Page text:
5 Responses to Sequestering Our Credit

  1. Andrew Gelman March 1, 2013 at 12:39 pm #


    I’m no expert in this topic and am not disputing your larger analysis, but I’m skeptical of your association of the sequester with the idea that “we often support the short-term gain over longer-term welfare.” My casual impression (from reading the newspapers) is that nobody really wants the sequester—that is, there is no “we” that is supporting this policy. Rather, it is an effect of political gridlock. So I think you might be making the error of attributing individual volition to what is in fact a system with many moving parts.

    • Scott Monje March 1, 2013 at 12:57 pm #

      If you prioritize the possible outcomes as you would in a chicken game, you could say that the sequester was no one’s preferred outcome in the sense of it’s being the No. 1 priority, but each side preferred it to giving in to the other side’s No. 1 priority. Thus, in the end, each side preferred inaction to compromise on a solution. (One or both sides may also see this outcome as setting up a favorable position in the runup to the Continuing Resolution deadline coming in three weeks’ time.)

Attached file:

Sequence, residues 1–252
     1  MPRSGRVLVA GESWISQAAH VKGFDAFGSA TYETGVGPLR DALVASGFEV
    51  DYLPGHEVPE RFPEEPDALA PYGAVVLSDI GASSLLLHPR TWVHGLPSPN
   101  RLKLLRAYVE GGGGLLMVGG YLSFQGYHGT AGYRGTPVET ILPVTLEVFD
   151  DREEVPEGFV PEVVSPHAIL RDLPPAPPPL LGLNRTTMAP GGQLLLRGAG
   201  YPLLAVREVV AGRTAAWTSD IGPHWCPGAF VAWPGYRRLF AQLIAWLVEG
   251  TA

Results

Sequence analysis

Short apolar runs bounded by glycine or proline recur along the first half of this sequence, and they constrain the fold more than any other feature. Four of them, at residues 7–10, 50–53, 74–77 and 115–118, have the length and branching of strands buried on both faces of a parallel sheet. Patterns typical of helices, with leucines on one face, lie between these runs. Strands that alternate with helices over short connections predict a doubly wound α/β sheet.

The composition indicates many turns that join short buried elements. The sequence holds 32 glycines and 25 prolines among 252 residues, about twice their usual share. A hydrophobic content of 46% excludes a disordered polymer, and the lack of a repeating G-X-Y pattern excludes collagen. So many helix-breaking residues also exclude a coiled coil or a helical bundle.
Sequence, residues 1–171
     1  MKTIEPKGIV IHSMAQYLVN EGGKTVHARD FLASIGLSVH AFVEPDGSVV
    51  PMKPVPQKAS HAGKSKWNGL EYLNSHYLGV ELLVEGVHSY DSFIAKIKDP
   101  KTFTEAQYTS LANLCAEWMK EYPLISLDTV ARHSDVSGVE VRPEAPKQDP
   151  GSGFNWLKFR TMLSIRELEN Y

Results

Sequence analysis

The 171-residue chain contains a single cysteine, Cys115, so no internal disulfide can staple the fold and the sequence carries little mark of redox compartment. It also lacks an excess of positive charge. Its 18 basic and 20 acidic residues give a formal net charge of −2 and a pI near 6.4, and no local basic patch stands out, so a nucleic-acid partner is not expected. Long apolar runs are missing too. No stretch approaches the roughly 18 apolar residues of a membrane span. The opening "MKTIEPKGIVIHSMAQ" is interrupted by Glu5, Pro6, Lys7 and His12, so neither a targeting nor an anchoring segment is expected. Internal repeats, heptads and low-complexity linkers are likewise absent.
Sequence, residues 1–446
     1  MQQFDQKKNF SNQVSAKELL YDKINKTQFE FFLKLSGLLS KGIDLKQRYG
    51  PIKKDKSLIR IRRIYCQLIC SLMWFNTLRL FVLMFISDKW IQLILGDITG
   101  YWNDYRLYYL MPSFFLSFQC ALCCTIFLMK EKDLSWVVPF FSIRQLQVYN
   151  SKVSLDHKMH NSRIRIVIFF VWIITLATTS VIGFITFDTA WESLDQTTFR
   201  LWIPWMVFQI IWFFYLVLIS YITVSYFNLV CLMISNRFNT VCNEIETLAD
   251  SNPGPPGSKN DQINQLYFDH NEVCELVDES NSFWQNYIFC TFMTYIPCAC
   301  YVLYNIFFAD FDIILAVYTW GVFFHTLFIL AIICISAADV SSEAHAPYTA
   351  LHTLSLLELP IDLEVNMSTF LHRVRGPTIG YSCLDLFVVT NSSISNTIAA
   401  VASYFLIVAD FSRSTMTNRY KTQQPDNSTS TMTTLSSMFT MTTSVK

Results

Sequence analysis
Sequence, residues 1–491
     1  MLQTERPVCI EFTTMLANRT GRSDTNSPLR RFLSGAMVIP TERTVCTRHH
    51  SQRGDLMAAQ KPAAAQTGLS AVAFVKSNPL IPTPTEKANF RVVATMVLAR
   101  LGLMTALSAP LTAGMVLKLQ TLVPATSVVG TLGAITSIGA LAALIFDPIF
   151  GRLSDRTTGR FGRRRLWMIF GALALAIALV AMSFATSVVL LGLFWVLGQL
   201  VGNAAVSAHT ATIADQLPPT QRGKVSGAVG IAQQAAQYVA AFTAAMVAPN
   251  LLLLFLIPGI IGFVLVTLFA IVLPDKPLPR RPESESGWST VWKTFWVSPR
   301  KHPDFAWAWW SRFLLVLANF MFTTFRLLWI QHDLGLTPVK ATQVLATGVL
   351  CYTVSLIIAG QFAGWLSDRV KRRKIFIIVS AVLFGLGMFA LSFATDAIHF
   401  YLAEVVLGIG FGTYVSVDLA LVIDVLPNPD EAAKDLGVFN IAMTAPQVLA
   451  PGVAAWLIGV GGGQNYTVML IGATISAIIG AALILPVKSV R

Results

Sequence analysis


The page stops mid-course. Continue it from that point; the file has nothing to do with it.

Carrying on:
2. Stephen March 1, 2013 at 1:19 pm #

    Thank you for your comments, Andrew. I wouldn’t dispute that there are many moving parts here, but I do think (as highlighted by Scott) that the sequester reflects that each side preferred inaction to compromise. Such repeated public stalemates, however, do have a longer-term economic cost that I think politicians are overlooking.

  3. Adam March 4, 2013 at 11:14 am #

    This might be completely ridiculous (please let me know if it is), but what if the sequester was Congress’s way of showing it could cut spending? I thought everyone knew the super committee would fail (I didn’t think it would work and that’s the sense I got from everyone on this blog), and thus, their vote for the super committee was really just a vote for the sequester, but no one could openly vote for the cuts since they hit programs favored by people on both sides of the aisle.